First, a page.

Televised Presidential Debates: Advocacy in Contemporary America

By Susan A. Hellweg; Michael Pfau et al. | Go to book overview
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Series Foreword

Upon the birth of the technology, television was heralded as the ultimate instrument of democracy. It was, as no other medium, destined to unite us, educate us, and, as a result, improve the quality of actions and decisions of the polity. As the primary source of timely public information, television provides the greatest potential for understanding ourselves, our society, and even the world.

As early as 1964, Marshall McLuhan predicted that television would break down national barriers and transform the world into a global village. By the 1980s, some claim television would become the vehicle of direct democracy ( Naisbitt, 1982, pp. 159-61; Toffler, 1980, pp. 416-32). Today, as notions of freedom and liberty spread throughout Eastern Europe and the Pacific Rim, television serves as the instrument of unification and definition.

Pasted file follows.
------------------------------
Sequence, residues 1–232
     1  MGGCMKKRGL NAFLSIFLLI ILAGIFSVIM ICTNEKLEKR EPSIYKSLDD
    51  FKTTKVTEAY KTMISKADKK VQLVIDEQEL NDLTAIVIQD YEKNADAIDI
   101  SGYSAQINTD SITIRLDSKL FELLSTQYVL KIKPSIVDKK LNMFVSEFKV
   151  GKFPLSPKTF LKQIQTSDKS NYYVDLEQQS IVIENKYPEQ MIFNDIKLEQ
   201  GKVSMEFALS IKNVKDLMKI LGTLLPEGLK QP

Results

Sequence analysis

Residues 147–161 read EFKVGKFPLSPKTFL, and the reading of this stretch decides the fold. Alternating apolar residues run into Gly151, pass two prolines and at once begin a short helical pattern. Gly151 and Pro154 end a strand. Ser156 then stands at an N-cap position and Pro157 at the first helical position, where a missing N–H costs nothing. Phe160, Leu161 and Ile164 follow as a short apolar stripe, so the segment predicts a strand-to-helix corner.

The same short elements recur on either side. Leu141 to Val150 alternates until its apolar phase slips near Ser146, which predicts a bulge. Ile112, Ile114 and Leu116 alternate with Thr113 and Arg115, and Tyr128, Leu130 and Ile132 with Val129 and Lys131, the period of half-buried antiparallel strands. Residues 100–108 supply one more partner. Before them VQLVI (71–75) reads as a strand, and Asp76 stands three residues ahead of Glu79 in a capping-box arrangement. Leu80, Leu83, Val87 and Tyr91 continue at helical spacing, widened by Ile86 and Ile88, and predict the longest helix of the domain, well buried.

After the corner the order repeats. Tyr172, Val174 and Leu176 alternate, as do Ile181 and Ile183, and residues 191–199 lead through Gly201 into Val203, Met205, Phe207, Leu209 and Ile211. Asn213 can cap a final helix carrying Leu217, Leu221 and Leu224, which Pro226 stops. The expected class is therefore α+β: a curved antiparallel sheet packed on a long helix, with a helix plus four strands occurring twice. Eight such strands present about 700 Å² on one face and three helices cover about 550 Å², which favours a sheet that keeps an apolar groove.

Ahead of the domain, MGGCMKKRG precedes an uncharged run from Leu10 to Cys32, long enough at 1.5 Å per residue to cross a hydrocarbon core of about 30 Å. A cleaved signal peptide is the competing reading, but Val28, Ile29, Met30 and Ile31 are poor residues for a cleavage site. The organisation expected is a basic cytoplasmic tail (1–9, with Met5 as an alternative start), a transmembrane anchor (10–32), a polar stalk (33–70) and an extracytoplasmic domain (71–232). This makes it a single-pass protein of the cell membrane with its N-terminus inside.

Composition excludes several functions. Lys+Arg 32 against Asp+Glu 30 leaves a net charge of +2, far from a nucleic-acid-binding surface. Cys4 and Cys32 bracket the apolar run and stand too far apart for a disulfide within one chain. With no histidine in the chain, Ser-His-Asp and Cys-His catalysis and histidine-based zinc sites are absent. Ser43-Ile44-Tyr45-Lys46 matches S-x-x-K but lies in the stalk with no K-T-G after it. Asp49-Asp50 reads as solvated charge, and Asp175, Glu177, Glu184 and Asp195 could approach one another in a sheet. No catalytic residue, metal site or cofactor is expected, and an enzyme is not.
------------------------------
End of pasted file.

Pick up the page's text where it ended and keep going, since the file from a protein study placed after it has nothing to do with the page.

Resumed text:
We tend to forget that television also serves as an instrument of power and control ( Innis, 1964, 1972), Quite simply, to control television content is to control public perceptions and attitudes. In America, television has become the primary medium and tool of both political campaigning and governing, culminating in the presidency of Ronald Reagan ( Denton, 1988). Can television serve democracy? 1

Without undertaking a philosophical discussion of democracy, one can identify several critical characteristics of a democratic form of government and consider television's impact in light of those features of democracy. The notion of accountability, for example, is essential to the notion of democracy. Because citizens delegate authority to those who

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